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I would like to know if possible how to use the first isomorphism theorem to solve the following problems:

(1) Consider the general linear group $GL(n,R)$. Show that the set of all $n\times n$ matrices with determinant $1$ is a normal subgroup of $GL(n,R)$

(2) Show that the groups $(Z⁄nZ,+nZ)$ and $(Z_n,+n)$ are isomorphic. I know the first isomorphism theorem states that: Let $φ\colon G\to G'$ be a group homomorphism and denote $\ker(φ)$ by $H$. Then $H$ is a normal subgroup of $G$ and the map $f\colon G⁄H\to φ[G]$ given by $f(gH)= φ(g)$ is an isomorphism.

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    $\begingroup$ First Isomorphism theorem ... $\endgroup$ – DonAntonio Dec 26 '13 at 13:34
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Hint:

The determinant map $\;\det: GL(n,\Bbb R)\to\Bbb R^*\;$ is a group homomorphism ...

Your second question is incomprehensible to me.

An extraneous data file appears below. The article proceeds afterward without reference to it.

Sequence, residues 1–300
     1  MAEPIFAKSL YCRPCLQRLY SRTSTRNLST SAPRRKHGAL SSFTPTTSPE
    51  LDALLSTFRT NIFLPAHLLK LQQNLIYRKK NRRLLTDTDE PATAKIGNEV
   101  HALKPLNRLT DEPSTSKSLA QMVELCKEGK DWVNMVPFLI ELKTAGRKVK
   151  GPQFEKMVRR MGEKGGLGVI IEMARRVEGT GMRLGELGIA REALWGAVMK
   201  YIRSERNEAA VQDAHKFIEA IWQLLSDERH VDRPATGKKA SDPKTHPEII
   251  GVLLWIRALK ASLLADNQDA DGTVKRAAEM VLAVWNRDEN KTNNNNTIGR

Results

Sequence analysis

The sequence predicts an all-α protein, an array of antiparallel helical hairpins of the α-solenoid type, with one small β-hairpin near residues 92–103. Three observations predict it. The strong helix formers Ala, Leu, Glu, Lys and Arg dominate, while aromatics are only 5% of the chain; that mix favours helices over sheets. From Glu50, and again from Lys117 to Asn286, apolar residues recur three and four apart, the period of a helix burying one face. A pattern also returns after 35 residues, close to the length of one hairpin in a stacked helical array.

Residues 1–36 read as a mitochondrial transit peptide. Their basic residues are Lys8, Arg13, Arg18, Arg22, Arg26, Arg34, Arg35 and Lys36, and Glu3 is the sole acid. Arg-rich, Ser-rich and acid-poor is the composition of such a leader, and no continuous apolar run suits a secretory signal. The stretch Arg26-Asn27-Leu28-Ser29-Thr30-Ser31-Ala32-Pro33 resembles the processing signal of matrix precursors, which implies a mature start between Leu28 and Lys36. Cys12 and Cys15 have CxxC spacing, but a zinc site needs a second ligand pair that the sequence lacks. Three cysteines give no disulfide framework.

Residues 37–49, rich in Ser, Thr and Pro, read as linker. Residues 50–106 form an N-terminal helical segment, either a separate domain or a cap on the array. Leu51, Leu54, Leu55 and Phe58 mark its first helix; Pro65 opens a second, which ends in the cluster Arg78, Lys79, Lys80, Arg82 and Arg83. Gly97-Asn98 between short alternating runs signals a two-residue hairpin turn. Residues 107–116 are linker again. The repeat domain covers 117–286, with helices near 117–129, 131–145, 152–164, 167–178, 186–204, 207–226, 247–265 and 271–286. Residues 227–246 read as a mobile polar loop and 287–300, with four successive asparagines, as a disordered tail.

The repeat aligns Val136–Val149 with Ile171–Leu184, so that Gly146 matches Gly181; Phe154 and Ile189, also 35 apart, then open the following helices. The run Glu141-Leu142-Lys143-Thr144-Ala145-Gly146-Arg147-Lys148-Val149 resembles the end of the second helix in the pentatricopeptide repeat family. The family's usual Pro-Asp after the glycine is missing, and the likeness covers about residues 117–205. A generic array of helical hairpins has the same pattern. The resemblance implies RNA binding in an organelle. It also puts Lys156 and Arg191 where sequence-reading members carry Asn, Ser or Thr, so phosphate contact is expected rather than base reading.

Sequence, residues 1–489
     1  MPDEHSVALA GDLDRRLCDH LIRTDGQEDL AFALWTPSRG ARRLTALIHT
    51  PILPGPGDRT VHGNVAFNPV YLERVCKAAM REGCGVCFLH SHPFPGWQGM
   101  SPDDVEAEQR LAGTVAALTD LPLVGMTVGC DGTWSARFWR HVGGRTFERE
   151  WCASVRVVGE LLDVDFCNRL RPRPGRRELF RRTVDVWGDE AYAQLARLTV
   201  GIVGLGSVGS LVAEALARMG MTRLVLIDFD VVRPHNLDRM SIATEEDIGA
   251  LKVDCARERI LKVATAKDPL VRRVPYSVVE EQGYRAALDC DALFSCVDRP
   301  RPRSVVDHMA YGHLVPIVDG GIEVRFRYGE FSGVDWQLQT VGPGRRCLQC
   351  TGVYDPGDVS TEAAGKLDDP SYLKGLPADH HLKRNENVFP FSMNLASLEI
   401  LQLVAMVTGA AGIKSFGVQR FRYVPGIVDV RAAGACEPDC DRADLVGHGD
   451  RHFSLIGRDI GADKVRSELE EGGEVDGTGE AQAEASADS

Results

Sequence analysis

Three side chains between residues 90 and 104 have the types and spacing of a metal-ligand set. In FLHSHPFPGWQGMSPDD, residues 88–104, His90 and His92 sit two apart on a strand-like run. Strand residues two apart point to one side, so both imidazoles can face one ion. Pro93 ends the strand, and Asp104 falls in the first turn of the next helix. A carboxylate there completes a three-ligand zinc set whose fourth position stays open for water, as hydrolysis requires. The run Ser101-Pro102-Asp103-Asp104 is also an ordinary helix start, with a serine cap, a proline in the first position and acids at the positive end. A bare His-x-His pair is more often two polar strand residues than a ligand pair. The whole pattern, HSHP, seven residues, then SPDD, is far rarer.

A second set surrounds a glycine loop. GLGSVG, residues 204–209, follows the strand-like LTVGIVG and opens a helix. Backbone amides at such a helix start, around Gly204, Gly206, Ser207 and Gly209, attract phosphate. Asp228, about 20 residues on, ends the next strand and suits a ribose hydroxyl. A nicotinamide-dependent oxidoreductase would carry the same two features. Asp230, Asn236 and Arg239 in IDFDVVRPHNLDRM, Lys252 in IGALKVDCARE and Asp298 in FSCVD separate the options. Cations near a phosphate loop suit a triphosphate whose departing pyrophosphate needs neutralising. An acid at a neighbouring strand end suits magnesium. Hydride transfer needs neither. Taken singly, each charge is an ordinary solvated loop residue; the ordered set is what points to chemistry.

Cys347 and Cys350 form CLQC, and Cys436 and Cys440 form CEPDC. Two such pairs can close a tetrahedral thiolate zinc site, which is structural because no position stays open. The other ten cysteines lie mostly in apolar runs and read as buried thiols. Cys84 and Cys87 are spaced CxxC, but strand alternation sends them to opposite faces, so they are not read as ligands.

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  • $\begingroup$ I think he means that the naive description of $\mathbb{Z}/n\mathbb{Z}$ (as the numbers $\{0,1,2,\ldots, n-1\}$ under addition modulo $n$) actually coincides with the abstract quotient construction of $\mathbb{Z}/n\mathbb{Z}$ $\endgroup$ – Prahlad Vaidyanathan Dec 26 '13 at 13:42
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If for the second one, you mean $(\mathbb Z/n\mathbb Z, +_{n\mathbb Z})$, then consider it as: $$\{0+n\mathbb Z,1+n\mathbb Z,\cdots,(n-1)+n\mathbb Z\}$$ and work with this map: $$\phi: \mathbb Z/n\mathbb Z\to\mathbb Z_n,~~(m+n\mathbb Z)=m,~~~~0\leq m<n$$ Show it is an group isomorphism.

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